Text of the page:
“Rule” Breaking

Posted: February 1, 2013 in On Novels

There are three rules for writing a novel. Unfortunately, no one knows what they are.” –W. Somerset Maugham

We have one rule here on this blog, and that’s that there are no rules. It’s kind of like the first rule of Fight Club. We’re marching along here in Adolescent Lit, and it’s becoming increasingly difficult to find these books in the digital medium I’ve become so spoiled by (hm.. pay eight dollars for a paperback, or click a link and have the entire thing for free?). Luckily, the reading is interesting enough that when I do get my hands on the book, it’s easy to plow right through. I think I speak for any and all fellow English majors when I say that this class provides a very much-needed respite from “classic” literature. But I digress. Picking up Cynthia Lord’s “Rules” provided me with an hour’s worth of a read, and quite a few questions on my mind. While it was short, and I did enjoy parts of it, on the whole I felt as if it was.. unfinished.

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Pictured above: “Rules” by Cynthia Lord

Angry Internet Criticism (not really angry):

What? Unfinished? What am I babbling on about?

Let me start from square one. Throughout the book, I was struggling with myself to decide as to whether or not Catherine was being a selfish brat, or if I should just cut her some slack. I can’t lie and say I know what it’s like to have siblings with mental disabilities. Some of the scenes where she’s trying to get through to her parents (who just don’t seem to listen, like every adult in every young adult novel ever written since the dawn of time) I thought were heart-wrenchers, but on the whole I just felt conflicted.

Would you think of someone besides yourself for like two seconds?

Vs

Dude, she’s like 12, I’m sure all of this is really difficult for her.

http://t0.gstatic.com/images?q=tbn:ANd9GcQBLCbe2ohnrWYJAV7JpYRIRVfqyRDtxXaUP2jdolxYBJV_hKLZ

Just wait until Facebook hears about this!

Then, there’s the people around her. What’s the deal with Kristi? Like, does she legitimately want to be Catherine’s friend, or is she just kind of settling for her new next door neighbor? If she’s trying to be a legitimate friend, she could use some work. Taking some random dude’s word over your friend’s: not cool. Inviting your friend to essentially be the third wheel at a dance between you and random dude: not cool. Ditching your friend at said dance because she “lied to you” (knowing damn well that you’d raise an eyebrow in judgement and that random dude would snicker under his breath had you known the truth): really not cool. Moral of the story: Kristi and Ryan can both take a hike. Well, Kristi can take a hike, and Catherine needs to rearrange Ryan’s face. And when it comes to Jason’s speech therapist, do trained medical professionals really do that? Talk down to the people they’re supposed to be treating? This lady needs a muzzle, badly. Just because a person might be slow doesn’t mean they’re completely unaware that you’re being an obnoxious ass. Moving on!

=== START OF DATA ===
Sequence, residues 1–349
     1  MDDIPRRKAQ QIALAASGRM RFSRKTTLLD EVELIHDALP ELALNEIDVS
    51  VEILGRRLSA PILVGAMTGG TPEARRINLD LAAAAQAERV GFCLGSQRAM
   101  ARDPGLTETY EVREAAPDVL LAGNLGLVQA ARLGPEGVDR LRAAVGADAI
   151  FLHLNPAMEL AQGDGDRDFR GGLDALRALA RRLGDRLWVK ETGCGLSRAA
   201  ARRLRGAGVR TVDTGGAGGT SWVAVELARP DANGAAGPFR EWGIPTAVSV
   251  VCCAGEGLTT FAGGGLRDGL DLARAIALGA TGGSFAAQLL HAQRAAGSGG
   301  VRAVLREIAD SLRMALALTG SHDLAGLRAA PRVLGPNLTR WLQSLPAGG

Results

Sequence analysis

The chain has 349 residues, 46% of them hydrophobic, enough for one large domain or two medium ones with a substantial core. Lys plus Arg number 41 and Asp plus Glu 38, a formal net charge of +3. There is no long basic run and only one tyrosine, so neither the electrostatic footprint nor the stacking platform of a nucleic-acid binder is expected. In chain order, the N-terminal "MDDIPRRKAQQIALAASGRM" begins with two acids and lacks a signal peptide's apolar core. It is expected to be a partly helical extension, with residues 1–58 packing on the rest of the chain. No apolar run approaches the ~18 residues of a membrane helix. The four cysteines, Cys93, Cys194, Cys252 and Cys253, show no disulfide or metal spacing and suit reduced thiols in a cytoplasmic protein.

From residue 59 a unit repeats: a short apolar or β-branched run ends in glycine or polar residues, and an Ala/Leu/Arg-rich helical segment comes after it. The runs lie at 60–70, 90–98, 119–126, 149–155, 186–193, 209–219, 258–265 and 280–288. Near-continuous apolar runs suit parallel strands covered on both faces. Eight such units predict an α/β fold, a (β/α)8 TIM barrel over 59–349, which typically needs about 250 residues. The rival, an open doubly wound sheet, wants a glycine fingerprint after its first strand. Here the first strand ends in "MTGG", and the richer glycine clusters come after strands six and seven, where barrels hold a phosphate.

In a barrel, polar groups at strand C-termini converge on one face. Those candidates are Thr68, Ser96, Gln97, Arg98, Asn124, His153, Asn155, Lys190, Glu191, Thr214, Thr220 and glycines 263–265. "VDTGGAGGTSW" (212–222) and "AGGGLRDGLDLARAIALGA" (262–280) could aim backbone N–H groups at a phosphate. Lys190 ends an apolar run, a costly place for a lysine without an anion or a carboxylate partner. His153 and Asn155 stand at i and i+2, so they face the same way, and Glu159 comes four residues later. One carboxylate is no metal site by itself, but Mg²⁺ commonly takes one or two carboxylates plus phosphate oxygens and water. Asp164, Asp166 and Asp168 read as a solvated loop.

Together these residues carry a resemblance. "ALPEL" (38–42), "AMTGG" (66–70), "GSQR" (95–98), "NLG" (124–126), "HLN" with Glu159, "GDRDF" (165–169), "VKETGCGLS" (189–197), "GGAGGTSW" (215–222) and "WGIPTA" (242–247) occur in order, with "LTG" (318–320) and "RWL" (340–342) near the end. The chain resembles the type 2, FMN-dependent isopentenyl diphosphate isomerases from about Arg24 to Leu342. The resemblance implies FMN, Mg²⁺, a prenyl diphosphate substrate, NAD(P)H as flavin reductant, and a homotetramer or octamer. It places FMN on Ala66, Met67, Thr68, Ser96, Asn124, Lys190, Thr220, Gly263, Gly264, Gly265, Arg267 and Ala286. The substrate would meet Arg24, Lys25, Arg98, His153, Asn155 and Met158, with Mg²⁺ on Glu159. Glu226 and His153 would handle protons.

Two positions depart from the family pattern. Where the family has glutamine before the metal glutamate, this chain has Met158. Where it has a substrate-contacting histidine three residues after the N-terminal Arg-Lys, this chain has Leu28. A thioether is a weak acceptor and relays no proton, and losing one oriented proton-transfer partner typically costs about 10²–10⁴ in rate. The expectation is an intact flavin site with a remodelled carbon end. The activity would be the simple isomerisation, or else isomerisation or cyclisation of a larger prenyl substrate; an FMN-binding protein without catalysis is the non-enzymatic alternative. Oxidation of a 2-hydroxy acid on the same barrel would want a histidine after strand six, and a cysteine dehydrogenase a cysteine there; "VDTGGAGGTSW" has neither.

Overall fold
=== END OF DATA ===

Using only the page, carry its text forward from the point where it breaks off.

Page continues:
http://t0.gstatic.com/images?q=tbn:ANd9GcTwe_blU_5dOZbd5ecXL20JYNYnv83Fp5Jvfb0uz2lAlOHPGeGGCQ

Where is the frickin’ ending? I know, we’ve been spoiled by Hollywood and novels everywhere that nicely tie up all the loose ends and send us on our merry way after all is said and done, but literally, it feels like the book stopped with like three chapters left to go. Do Catherine and Jason stay friends? Do her and Kristi ever even talk again? Where is Catherine’s sudden realization that “oh hey, maybe I should quit worrying about how someone else’s legitimate mental condition affects ME for once”? I’m not saying these are questions that are left for the reader to think about – I’m saying these are questions that should have been answered. We got the Sopranos treatment here. Instead of an ending, it’s just done. That’s it. A brief moment of sweetness between Catherine and David, and then apparently it’s just over. No conversation with either parent, no big revelation or realization come to, it’s just all the same.

I know that’s life as we know it, but come on! I’m reading a novel to get away from life as we know it.

Research Question:

One other question I had (a research question that is) was, what did other people think of “Rules”? Nevermind book critics. Those people are stuffy and pomopous, and why should their opinions matter more than the 5,000+ people between Amazon and Goodreads that have their own opinions? The verdict between these two websites is that “Rules” is a resounding success. Out of like 22,000 total ratings / reviews, only about 4,200 people gave the book a rating of three stars or less. (quick math, that’s only 20% of people who read it. We are the 20%!) Some of the criticisms of the book include Lord’s periodic hyphenated-long-winded-strange-analogy segments in her narration, something I sometimes prove to be guilty of myself. Other common criticisms are of Kristi as a character, similar to my own that were raised above, the slow movement of the plot, and of Catherine’s amazing insight as a 12 year old (meaning of Lord’s blatant presence as the author despite the fact that we’re following a 12 year old girl’s thoughts).

https://i1.wp.com/www.fallacyfiles.org/Bandwagon.jpg

All aboard!

Verdict:

Despite the readability of this story, I just didn’t find myself satisfied with it. I feel like there was pretty much no resolution, and that no one really learned anything. Sure, Catherine befriends Jason, but she doesn’t become any more tolerant of her brother, Kristi turns out to be a shitty friend at best, and Catherine / David’s parents pretty much just continue about their business. No-go for me.

Destitutione

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